Picturepict1=pictureList.get(0);pict1.show();// flip picture on y axisPictureflipped=newPicture(pict1.getWidth(),pict1.getHeight());for(intj=0;j<pict1.getHeight();j++){for(inti=0;i<pict1.getWidth();i++){Pixelsource=pict1.getPixel(i,j);Pixeldestination=flipped.getPixel(pict1.getWidth()-1-i,j);destination.setColor(source.getColor());}}flipped.show();// rotate picture 90 degrees clockwisePictureflipped2=newPicture(pict1.getHeight(),pict1.getWidth());for(intj=0;j<pict1.getHeight();j++){for(inti=0;i<pict1.getWidth();i++){Pixelsource=pict1.getPixel(i,j);Pixeldestination=flipped2.getPixel(pict1.getHeight()-1-j,pict1.getWidth()-1-i);destination.setColor(source.getColor());}}flipped2.show();// get negative of picturePicturenegative=newPicture(pict1.getWidth(),pict1.getHeight());for(intj=0;j<pict1.getHeight();j++){for(inti=0;i<pict1.getWidth();i++){Pixelsource=pict1.getPixel(i,j);Pixeldestination=negative.getPixel(i,j);Colorc=newColor(255-source.getRed(),255-source.getGreen(),255-source.getBlue());destination.setColor(c);}}negative.show();

We observed that for lists of just 13 elements, this could take several seconds to run
because it’s runtime scales with the factorial of the number of elements in the list.

Today we will continue our talk on Algorithms and complexity. Once we go over a few more search and sort algorithms we will then introduce image manipulation. For this you will need the Jar file below.

Okay, computer scientists! I’ve got two new algorithms for you! Let’s see if we can code them up and figure out what the complexity is!

I call them yolosearch and yolosort.

Here’s the pseudocode for yolosearch:

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while(I haven't picked the number I'm looking for yet) {
pick a number at random from the list
}

We can even do advancedyolosearch!

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make a copy of my list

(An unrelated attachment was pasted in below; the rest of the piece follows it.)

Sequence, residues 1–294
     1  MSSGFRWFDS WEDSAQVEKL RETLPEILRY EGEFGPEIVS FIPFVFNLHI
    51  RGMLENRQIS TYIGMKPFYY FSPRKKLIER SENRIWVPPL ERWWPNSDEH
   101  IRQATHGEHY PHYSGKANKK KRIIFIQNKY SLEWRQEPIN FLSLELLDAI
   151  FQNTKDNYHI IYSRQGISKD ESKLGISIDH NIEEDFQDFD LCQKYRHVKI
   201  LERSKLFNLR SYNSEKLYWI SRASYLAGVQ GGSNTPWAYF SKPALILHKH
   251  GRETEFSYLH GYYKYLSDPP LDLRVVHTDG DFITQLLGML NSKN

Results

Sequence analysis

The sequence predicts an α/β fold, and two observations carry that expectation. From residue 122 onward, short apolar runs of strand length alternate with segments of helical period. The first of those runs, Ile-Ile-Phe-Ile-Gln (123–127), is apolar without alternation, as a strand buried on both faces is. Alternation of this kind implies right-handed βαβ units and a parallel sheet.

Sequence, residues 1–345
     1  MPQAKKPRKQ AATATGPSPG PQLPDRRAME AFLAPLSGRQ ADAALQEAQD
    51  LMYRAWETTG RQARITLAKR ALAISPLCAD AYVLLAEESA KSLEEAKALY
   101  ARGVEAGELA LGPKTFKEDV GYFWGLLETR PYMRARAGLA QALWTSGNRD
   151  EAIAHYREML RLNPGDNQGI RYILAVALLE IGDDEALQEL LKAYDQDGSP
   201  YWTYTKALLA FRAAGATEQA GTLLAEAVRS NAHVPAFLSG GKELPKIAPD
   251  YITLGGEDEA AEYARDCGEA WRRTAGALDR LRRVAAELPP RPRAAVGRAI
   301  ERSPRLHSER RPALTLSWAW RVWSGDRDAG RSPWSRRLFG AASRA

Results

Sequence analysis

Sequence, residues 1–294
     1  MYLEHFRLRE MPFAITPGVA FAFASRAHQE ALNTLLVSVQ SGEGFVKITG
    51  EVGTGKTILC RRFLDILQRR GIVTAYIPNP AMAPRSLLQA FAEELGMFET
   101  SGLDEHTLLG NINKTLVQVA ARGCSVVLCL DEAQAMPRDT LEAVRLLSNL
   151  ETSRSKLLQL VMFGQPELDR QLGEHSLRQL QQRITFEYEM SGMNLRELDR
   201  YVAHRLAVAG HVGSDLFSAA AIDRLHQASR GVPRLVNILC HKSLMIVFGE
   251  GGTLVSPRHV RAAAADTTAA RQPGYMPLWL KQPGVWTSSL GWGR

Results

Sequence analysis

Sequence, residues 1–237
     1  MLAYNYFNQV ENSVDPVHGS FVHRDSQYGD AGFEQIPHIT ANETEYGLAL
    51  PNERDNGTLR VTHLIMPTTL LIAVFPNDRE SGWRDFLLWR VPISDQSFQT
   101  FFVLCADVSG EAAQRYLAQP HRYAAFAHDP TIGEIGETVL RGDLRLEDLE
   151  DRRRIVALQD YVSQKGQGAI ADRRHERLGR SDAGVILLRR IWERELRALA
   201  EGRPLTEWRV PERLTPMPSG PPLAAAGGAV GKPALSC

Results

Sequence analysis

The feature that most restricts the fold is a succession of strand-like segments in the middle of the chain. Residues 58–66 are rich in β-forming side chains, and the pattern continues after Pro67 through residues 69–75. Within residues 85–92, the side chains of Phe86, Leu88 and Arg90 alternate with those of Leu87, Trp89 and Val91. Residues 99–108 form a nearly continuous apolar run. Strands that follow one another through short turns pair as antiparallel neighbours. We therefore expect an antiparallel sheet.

while(I haven't picked the number I'm looking for yet) {
pick a number at random from the list
if it's not the number {
delete it from the list
}
}

There’s a slight problem with this algorithm. Every time we delete something from the list, all the indices change… so if we are looking for a particular index, this doesn’t work. If we are looking for a particular item from the list, it works fine.

What’s the complexity of these two searching algorithms? How do we know? Can we code them up?

Let’s take a look at yolosort now:

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while(the list isn't in order) {
shuffle the list
}

How about this one? What’s the complexity? How can we code it up? How long will it take to run?

To design an algorithm, first make sure you can solve the problem yourself; then try to express your own actions in Java.

To search a list, we

Look at each element in turn, stopping when/if we find it.
In Java, this process becomes a simple for loop and is called Linear Search.
If the list has n elements, the loop might repeat as many as n times.

If we know the list is in some kind of order,
look at the middle element and then consider only half the list,
repeating until we find the element we want.
This is called Binary Search
If the list has n elements, we can cut it in half at most log_{2}(n) times.

To sort a list, we could

Compare neighboring elements, swapping them if they are out of order.
This is called Bubble Sort.
In general, this requires us to look across the list repeatedly;
roughly speaking, we have to walk the entire list (n elements)
n times, so the program might take as much as n^{2} times.

Find the smallest value and move it to a new list, the repeat until we can moved them all.
This is called Selection Sort.
Finding an element (linear search) takes n time, and we have n of them to find,
so we are still in n^{2} time overall, like bubble sort.

Split the list in half, sort each half, and then merge the two halves in order.
This is called Merge Sort.
Merging in takes time proportional to n,
and we can split at most log_{2}(n) times,
for a total of n log_{2}(n) time.

As a point of context,

There are around 8,000,000,000 people on Earth

Suppose we can handle a million people per second

Then we expect

linear search to take 8,000 seconds or about 2 hours

binary search to take 0.000033 seconds

bubble or selection sort to take over a trillion years, more than 70 times larger than the current estimated age of the universe

merge sort to take 264,000 seconds or about 3 days

Note that all of these are approximate, but they within an order of magnitude of the right answers

Today we’ll look at four particular algorithms that have been important in computing (well… at least in CS1) for a very long time.

Here are two searching and two sorting algorithms. We’ll do some in-class activities to show exactly how these algorithms work. We won’t really look at code yet - the purpose is to figure out just how “good” each of these algorithms is in various circumstances.